Travel Tips

Couchsurfing full guide: what is it, how do you do it, and why is it the best way to travel?

At first, I thought Couchsurfing really wasn't for me. But I ended up falling head-over-heels in love with the community when I was encouraged to give it a go by a friend. I've now couchsurfed all over Europe and some parts of Asia, had unbelievable experiences, made countless new friends, and gained some great travel memories (and stories). But getting started is a challenge. My friend guided me through my first couchsurfing experiences and now I want to share how to get started with everyone - the more the merrier!

Airbnb kind of hit of the marketing nail on the head when they started their campaign ‘Stay with a Local’. After all, that’s the dream when travelling right? Immerse yourself into culture, laugh with the people that live there, find out things you could never find out from a tourist brochure, and have an epiphany that will lead you to secrets of eternal happiness, right?

But the thing about Airbnb is that it is paid – which makes it a transaction between you and someone else for money. There’s no problem with that, but what if that transaction actually swapped the money element for one of the other things listed above? That’s where Couchsurfing comes in, baby.

What is Couchsurfing?

Despite its name, it’s not some extreme furniture sport. Couchsurfing in it’s basic form refers to sleeping on people’s couches for a few nights at a time. But, in practice, you could sleep anywhere: in private rooms, in shared rooms, on an air mattress, on the floor, on fold-out couches or futons.

In my couchsurfing experiences I’ve stayed in all extremes, from laying in bed next to a guy I’d only met that day (with no hanky-panky!) in Estonia, to a swanky room in a hotel owned by my host in Montenegro, to a multi-million dollar yacht in Greece – and everything in between.

In each Couchsurfing experience you have a host: someone who has agreed to have you as a guest. In turn, you are their surfer.

The key thing with Couchsurfing is that these people are inviting you into their home without charging you money – it’s free in that sense. But, they could easily charge for accommodation, so you really need to bring something to the table. For some surfers, they just love hearing travel stories, or about your home country. For others, they just want to make new friends. And others are super busy, but just enjoy having the company around, even if you can’t spend much time together.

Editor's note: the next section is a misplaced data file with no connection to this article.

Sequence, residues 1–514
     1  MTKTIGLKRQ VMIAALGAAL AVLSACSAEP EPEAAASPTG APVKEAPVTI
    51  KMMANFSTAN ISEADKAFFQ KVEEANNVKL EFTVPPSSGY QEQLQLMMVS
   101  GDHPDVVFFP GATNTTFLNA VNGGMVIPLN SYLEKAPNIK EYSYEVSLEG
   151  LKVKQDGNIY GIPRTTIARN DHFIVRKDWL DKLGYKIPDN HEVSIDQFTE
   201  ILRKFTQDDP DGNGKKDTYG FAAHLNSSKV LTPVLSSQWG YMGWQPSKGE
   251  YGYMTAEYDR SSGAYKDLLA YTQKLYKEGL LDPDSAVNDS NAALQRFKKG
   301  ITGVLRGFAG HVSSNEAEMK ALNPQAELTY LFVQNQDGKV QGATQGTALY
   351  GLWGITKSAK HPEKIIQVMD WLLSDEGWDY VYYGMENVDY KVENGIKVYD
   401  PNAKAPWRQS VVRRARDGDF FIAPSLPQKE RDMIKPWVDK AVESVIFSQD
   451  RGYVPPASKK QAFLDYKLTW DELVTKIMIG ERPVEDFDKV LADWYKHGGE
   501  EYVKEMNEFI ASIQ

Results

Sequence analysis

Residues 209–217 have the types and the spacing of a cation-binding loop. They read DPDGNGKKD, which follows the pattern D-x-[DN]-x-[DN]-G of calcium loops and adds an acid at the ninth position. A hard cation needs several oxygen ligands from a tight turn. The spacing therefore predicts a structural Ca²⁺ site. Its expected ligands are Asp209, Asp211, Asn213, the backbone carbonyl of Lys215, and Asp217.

How do you start Couchsurfing?

CREATE A PROFILE

Start by opening an account on couchsurfing.com – and fill in as much as you can about yourself. It’s a big deal to invite a stranger into your home, so potential hosts want to see that you take couchsurfing seriously and are not just using it as a free bed for the night. They also want to know about you, and see if you will have things to talk about!

Two girls eat bakery items in Kosovo.
The best tip we ever received: traditional Kosovan bakery items. We never would have found this place if we hadn’t been taken there by our host. (Still lusting after that delicious white pastry snack)

UPLOAD PHOTOS:

Make sure you upload lots of photos so your potential host can get a feel for you – no one ever trusts the person who thinks they are an anime character in their profile picture.

Try to provide a range of photos – you, with your pets, with a group of friends, doing activities you enjoy – anything that tells a story about the type of person you are (spoiler, you’re a great one!).A

TRY AND GET SOME REFERENCES:

This is a biggie: the biggest hurdle in couchsurfing is getting your first couch when you have no reviews. Potential hosts don’t know if you are trustworthy – or if you will spill beer on the their favourite picture of Grandma.

There are three types of references on Couchsurfing:

  1. From Surfers – these are references written on your profile from people you have hosted.
  2. From Hosts – when you have stayed with someone and they have left you one (hopefully it says some good things)